Examiner Editorial: Checks to deceased, other federal fiascoes

It has been uncovered that Washington, D.C., sent nearly 72,000 economic stimulus checks worth $250 each to people certified as eligible by the Social Security Administration in 2009. Problem was, all those folks receiving checks totaling more than $18 billion were … dead.

But wait, there’s more! Another 17,900 checks went to prison inmates. Now, dead people and prisoners don’t do much to create new jobs or spark economic growth, so why did federal officials managing President Barack Obama’s $814 billion economic stimulus put all those checks in the mail?

It was incompetent but unintended confusion. Come January, Americans will experience premeditated confusion on the part of the government when millions of people will likely get paychecks with the wrong amounts withheld for taxes.

Instead of making the 2001 and 2003 Bush administration tax cuts permanent, the then-Republican-led Congress made them expire Jan. 1, 2011, because it was politically expedient to do so. That decision set the stage for the confusion now becoming evident with the Democrat-led Congress and Democratic president who want to extend some of those tax cuts, but not others. Because they thought it was politically expedient to do so, Democrats failed to do anything about the impending chaos before leaving town for the 2010 campaign recess.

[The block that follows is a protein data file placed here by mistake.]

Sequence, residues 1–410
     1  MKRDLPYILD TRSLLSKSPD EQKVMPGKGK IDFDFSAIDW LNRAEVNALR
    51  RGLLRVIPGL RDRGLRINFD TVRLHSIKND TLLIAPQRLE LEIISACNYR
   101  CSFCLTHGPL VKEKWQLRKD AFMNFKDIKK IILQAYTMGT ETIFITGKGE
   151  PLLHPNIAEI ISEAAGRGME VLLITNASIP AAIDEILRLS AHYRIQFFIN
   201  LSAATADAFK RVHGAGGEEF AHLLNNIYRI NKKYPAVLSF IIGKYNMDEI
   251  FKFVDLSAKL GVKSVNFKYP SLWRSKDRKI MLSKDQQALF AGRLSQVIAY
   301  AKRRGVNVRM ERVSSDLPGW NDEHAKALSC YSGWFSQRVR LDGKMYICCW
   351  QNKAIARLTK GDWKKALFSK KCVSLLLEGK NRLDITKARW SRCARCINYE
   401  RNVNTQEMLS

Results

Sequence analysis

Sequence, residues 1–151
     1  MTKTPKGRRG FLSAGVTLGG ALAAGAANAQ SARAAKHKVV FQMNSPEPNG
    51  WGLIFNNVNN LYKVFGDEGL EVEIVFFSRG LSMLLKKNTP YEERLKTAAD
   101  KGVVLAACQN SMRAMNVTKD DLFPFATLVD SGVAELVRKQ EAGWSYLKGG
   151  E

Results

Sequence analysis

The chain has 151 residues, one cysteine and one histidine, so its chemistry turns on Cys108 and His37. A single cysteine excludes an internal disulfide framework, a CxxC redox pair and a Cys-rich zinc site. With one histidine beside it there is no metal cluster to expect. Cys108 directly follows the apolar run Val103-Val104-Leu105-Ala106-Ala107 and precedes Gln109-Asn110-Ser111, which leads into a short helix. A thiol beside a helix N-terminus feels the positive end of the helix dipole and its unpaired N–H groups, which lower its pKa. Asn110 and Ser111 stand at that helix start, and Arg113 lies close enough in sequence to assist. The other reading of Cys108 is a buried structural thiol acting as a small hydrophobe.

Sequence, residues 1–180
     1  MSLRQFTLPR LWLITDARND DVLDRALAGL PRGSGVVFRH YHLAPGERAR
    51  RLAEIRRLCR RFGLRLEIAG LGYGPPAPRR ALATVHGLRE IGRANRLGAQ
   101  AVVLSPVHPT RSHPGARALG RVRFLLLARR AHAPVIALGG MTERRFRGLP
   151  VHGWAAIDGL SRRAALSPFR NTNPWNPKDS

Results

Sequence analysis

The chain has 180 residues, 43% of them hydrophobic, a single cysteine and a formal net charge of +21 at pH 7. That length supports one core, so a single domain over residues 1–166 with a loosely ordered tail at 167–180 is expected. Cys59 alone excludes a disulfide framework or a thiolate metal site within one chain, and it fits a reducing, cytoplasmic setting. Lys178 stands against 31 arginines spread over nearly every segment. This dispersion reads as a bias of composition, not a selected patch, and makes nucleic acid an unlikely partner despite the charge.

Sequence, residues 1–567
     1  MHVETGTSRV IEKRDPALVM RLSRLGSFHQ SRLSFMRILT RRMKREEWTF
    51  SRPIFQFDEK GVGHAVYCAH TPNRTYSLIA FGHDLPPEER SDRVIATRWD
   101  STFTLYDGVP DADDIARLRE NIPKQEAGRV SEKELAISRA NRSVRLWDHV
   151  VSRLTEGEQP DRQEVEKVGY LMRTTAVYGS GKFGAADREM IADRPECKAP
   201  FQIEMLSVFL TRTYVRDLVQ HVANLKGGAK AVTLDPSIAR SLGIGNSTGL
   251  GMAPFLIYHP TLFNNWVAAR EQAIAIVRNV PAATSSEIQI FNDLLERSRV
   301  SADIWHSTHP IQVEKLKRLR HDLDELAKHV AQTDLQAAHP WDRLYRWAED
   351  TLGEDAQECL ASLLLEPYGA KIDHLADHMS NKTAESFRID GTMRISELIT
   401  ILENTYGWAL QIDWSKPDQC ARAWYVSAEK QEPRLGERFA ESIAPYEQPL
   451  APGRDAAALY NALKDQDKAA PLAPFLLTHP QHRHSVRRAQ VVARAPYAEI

In a report released Friday on the confusion that results from that dilly-dallying, the Washington Post quoted the American Payroll Association’s Michael O’Toole:

“People are apprehensive about whether Congress will act on time for them to produce accurate payrolls at the beginning of the year.”

Then there is the Home Affordable Modification Program. The effort was Obama’s chief response to the millions of foreclosures that have plagued the economy since the Great Recession of 2008. Obama promised that the program would provide a way for up to 4 million desperate homeowners to modify the terms of their mortgages so they could keep their homes.

The result, according to Rep. Darrell Issa, R-Vista, is that it “has underperformed projections by 96 percent.”

That Issa is not merely mouthing a partisan criticism is seen in Peninsula Democratic Rep. Jackie Speier’s verdict on the program:

“It has failed, and it has failed miserably.”

These are not isolated examples. The factor common among the three is that each illustrates the inability of the federal government to solve problems when it grows beyond its constitutional limits. This trio is among a depressingly long list of similar examples of the failure of big government.

The Founders recognized that there are things only the federal government can do, and other things that ought to be reserved to state and local governments, or to the people. That’s why we have the 10th Amendment to the Constitution.

Many signs indicate that voters are about to deliver a dramatic reminder to Washington, D.C., that it has become way too big for its britches.

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